Gov. Brown Signs Low-Carbon Buildings Bill AB 3232 into Law

Governor Jerry Brown today signed into law a bill that sets the stage for reducing carbon emissions from California’s residential and commercial buildings by 40 percent by 2030 below 1990.
Credit: Photo Credit: City Ventures

Governor Jerry Brown today signed into law a bill that sets the stage for reducing greenhouse gas emissions from California’s residential and commercial buildings by 40 percent by 2030 below 1990 levels.

This is significant because California’s buildings are responsible for a quarter of the state’s greenhouse gas emissions, when including emissions from fossil fuels burned onsite such as gas and propane in furnaces and water heaters, and from power plants that produce the electricity used in buildings.

California is making great strides in transitioning to a clean electricity supply, such as with the recently signed SB 100 law that requires 60 percent of California’s electricity to be generated from renewable resources by 2030 and for it to be 100 percent carbon-free by 2045. However, the state still lacks a comparable strategy to reduce emissions from heating fuels in buildings, which will be essential to achieve Governor Brown’s new state goal of carbon neutrality by 2045.

Assembly Bill 3232 by California Assemblymember Laura Friedman (D-Glendale) addresses this gap by requiring the California Energy Commission (CEC) to assess, by January 1, 2021, how to reduce greenhouse gas (GHG) emissions from the state’s building stock by 40 percent below 1990 levels by 2030, in line with the state’s overall GHG emissions limit (SB 32 by Senator Pavley, 2016). In other words, the CEC is tasked to identify policies that will enable the building sector to do its fair share in California’s effort to reduce emissions.

This reduction in emissions from the building sector is ambitious but feasible. It will require constructing all new buildings to be very low-emissions and retrofitting many older existing homes and business facilities. Fortunately, there are many technologies and measures that can help do this cost-effectively, starting with space and water heating—the two largest sources of building emissions.

Replacing old furnaces, water heaters, and air conditioners with clean, efficient and smart heating technologies like super-efficient electric heat pumps with smart thermostats--combined with energy efficiency upgrades like better windows and insulation, and other clean energy technologies like energy storage--can slash emissions, cut occupants’ utility bills, improve indoor air quality, and reduce smog and particulate air pollution.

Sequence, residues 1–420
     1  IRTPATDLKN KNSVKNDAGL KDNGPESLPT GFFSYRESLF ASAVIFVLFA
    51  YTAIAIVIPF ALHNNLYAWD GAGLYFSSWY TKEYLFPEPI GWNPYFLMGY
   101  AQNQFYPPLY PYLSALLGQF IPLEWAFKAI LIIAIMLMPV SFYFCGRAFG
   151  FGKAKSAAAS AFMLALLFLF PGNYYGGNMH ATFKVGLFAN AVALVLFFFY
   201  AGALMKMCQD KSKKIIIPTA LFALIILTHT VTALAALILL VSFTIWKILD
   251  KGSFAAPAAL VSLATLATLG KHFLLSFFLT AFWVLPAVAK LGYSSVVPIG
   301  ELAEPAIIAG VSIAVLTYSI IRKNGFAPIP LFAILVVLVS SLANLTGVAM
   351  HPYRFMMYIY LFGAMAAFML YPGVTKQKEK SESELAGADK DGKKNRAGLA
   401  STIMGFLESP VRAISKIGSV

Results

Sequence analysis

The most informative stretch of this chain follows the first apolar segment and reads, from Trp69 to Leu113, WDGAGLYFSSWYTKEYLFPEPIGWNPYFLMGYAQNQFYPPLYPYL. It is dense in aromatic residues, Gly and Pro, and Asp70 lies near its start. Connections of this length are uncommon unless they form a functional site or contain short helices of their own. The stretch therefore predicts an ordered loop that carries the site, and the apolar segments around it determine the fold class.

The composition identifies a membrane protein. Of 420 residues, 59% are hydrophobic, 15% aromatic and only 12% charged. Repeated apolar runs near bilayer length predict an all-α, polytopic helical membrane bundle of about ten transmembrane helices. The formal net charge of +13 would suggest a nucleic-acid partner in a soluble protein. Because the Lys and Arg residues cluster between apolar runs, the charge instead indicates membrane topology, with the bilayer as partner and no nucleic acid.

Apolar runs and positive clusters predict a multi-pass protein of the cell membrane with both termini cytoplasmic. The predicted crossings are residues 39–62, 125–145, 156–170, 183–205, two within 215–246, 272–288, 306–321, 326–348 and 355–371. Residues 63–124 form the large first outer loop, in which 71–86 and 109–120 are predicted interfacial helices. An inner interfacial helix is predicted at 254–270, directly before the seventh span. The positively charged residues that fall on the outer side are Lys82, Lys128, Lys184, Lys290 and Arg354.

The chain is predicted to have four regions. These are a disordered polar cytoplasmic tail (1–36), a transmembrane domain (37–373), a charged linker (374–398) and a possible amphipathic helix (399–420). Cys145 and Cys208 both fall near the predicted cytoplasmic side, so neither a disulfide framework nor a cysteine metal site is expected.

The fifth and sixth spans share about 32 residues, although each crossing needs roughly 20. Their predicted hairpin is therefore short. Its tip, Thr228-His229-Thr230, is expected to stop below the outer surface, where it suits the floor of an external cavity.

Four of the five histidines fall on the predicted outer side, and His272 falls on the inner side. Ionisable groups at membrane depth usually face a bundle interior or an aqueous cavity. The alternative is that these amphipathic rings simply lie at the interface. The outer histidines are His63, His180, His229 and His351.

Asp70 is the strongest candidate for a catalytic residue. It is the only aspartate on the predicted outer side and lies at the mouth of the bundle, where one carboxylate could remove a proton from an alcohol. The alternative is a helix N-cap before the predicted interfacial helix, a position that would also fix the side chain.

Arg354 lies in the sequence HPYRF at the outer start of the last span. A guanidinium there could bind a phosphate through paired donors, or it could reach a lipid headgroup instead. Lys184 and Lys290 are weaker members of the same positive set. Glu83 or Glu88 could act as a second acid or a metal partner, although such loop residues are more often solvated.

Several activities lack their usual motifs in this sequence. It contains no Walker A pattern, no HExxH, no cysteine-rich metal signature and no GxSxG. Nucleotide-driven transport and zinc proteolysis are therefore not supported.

Doing it Right

Low-emissions building technologies have relatively low market share in California today because customers and contractors are often not familiar with them, and they may cost more upfront like many new technologies. Policies are needed to deploy these technologies and practices at the pace and scale required to achieve a 40 percent reduction by 2030, and in a way that maximizes environmental, customer, and electric grid benefits.

This is what AB 3232 sets out to do: ensure that California manages the transition to low-emissions buildings in a way that helps Californians struggling with housing affordability and air pollution.

What’s Next?

Over the next two years, the California Energy Commission will engage stakeholders—including utilities, building professionals, equipment manufacturers, and the public—to determine how best to achieve these goals, and will report to the legislature by January 1, 2021.

But much is already happening in the meantime:

The Governor also signed another related bill, Senate Bill 1477, which will provide $50 million in annual incentives through 2023 to jump-start market development for new low-emissions buildings and clean heating technology in the state.

The updated building energy efficiency standards (or “building code”) that go into effect in January 2020 will make it much easier to use high-efficiency electric heat pump technology in new buildings.

The California Public Utilities Commission (CPUC) is considering how to revise outdated regulations that currently make it difficult for investor-owned utilities to provide incentives for clean heating equipment. A decision is expected by the end of this year.

And in another proceeding, the CPUC is also considering how to give disadvantaged communities in the San Joaquin Valley access to clean and affordable heat.

Thank you, Governor Brown, Assemblymember Friedman, and Senator Stern, for your leadership on climate and clean energy. AB 3232 and SB 1477 are charting the path for lower-emissions, more affordable, and healthier buildings for all Californians.